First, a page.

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Jazz Classes Columbia MD

Local resource for Jazz classes in Columbia. Includes detailed information on local music schools and music instructors that provide access to blues lessons, Jazz lessons, and instruction in Jazz music, Jazz improvisation, Jazz theory, Jazz chords, Jazz styles, and Jazz harmony, as well as advice and content on playing Jazz music.

Cesar Cartagena
3607 Cooper Lane 3607 Cooper Lane
Hyattsville, MD
Instruments
Clarinet, Flute, Saxophone
Styles
Blues, Folk - Country - Bluegrass, Jazz, Other, Rock - Alternative
Experience Levels
Advanced, Beginner, Intermediate
Rate
$30
Years of Experience
5 Years

Data Provided By:
David S.
(877) 231-8505
Montgomery Rd
Ellicott City, MD
Subjects
Guitar, Classical Guitar, Bass Guitar, Songwriting, Music Performance, Music Theory
Ages Taught
8 to 70
Specialties
Pop, rock, jazz, blues, classical, metal and funk.
Education
Salisbury University - Music (Composition) - 09/98-05/04 (Bachelor's degree received)
Membership Organizations
TakeLessons Music Teacher

Data Provided By:
Dan T.
(877) 231-8505
Fernley Square
Halethorpe, MD
Subjects
Music Theory, Percussion, Drums
Ages Taught
5 to 99
Specialties
Rock, funk, jazz, blues, hip hop, reggae, rudimental drumming, art music, percussion A wide variety of methods can be explored and incorporated into one's lesson, and will be geared towards the goals of the learner.
Education
Seneca Valley High School - Science and Engineering - 09/00-06/04 (High School diploma received) University of Maryland, Baltimore Co. - Music Education, Percussion, Psychology - 09/04-current (not complete)
Membership Organizations
TakeLessons Music Teacher

Data Provided By:
Richard P.
(877) 231-8505
N Rolling Road
Windsor Mill, MD
Subjects
Piano, Music Theory
Ages Taught
6 to 99
Specialties
music, piano, music theory classical, hymn playing
Education
Calvary Baptist School - College Prep - 1994-1998 Bob Jones University - Church Music, Piano - 1998-2002 Bob Jones University - Church Music, Piano - 2002-2004
Membership Organizations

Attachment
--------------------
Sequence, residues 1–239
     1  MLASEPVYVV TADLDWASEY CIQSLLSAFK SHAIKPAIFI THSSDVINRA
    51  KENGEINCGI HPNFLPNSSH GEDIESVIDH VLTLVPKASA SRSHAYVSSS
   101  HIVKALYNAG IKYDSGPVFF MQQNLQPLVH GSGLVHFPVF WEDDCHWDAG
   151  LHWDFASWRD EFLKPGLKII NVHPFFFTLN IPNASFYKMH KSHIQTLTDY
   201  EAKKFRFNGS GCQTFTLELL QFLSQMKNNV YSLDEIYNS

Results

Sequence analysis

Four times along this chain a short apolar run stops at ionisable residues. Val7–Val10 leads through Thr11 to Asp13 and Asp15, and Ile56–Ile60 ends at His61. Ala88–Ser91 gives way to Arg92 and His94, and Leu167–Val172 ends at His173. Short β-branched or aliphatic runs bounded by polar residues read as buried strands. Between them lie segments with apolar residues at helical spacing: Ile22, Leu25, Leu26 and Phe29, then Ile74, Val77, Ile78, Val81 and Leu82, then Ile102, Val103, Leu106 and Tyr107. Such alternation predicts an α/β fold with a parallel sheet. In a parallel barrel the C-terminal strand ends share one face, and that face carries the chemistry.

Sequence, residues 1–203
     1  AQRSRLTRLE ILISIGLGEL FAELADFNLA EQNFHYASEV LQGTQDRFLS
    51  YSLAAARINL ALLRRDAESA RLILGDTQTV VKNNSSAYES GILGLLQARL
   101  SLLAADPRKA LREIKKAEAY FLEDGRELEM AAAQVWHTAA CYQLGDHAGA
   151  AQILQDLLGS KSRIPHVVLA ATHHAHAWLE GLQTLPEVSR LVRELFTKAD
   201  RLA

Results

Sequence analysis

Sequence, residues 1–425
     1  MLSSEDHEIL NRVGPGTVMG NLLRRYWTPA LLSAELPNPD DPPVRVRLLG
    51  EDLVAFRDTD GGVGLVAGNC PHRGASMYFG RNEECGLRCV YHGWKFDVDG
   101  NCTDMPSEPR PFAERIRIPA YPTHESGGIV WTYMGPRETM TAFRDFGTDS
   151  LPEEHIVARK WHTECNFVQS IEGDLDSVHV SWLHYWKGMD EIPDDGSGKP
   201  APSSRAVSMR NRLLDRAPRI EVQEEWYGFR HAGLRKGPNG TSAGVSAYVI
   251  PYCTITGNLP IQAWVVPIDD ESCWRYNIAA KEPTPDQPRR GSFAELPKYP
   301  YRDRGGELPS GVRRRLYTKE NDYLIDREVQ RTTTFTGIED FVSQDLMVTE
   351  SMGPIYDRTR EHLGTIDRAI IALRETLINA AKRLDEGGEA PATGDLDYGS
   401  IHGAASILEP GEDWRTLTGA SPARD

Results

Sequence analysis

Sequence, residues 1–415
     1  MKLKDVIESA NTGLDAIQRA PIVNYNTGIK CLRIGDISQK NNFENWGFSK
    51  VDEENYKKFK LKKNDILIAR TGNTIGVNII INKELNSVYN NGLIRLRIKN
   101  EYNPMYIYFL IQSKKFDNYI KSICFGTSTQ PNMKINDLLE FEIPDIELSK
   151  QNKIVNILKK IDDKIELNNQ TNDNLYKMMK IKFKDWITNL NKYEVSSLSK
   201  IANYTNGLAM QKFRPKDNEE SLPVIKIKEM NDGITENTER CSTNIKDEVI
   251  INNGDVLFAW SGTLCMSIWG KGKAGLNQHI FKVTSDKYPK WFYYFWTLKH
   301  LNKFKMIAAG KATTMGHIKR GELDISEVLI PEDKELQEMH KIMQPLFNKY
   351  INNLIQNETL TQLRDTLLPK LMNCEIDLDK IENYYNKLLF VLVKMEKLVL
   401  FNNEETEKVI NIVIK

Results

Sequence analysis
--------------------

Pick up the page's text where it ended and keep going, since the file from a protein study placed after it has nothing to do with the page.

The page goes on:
TakeLessons Music Teacher

Data Provided By:
James G.
(877) 231-8505
Harrowdale Street,
Baltimore, MD
Subjects
Songwriting, Piano, Music Theory, Guitar, Music Performance
Ages Taught
4 to 99
Specialties
I studied and performed jazz guitar in college, though I perform a wide variety of genres (pop, rock, blues, show tunes, etc.) professionally. My specialties on piano would be pop and rock, as well as beginning piano in any genre.
Education
University of Maryland Baltimore County - music performance-jazz-guitar - 8/2005-5/2009 (Bachelor's degree received)
Membership Organizations
TakeLessons Music Teacher

Data Provided By:
Noelle Presby Lipa
10 McCormick Avenue none
Baltimore, MD
Instruments
Clarinet, Flute, Piccolo, Saxophone
Styles
Classical, Kids, Other
Experience Levels
Advanced, Beginner, Intermediate
Rate
$40
Years of Experience
12 Years

Data Provided By:
Ian D.
(877) 231-8505
Main St.,
Ellicott City, MD
Subjects
Piano
Ages Taught
1 to 99
Specialties
music, piano, jazz piano Jazz
Membership Organizations
TakeLessons Music Teacher

Data Provided By:
Lisa B.
(877) 231-8505
Modrad Way
Silver Spring, MD
Subjects
Violin, Songwriting, Guitar, Music Theory, Music Performance, Singing
Ages Taught
5 to 99
Specialties
I teach classical violin using the Strictly Strings Music Book with improvisational violin and creative composition, as well as some Suzuki methods. I also teach rock violin. I teach folk guitar and singing, playing chords and note reading, composition, music theory, history and appreciation.
Education
Metropolitan University of Puerto Rico - Business Administration - 1996-1998 (Master's degree received) University of Virginia - Music - 1976-1980 (Bachelor's degree received)
Membership Organizations
TakeLessons Music Teacher

Data Provided By:
Orlando S.
(877) 231-8505
Nettleton Court
Windsor Mill, MD
Subjects
Singing, Piano, Opera Voice, Theatrical Broadway Singing, Speaking Voice, Songwriting, Music Theory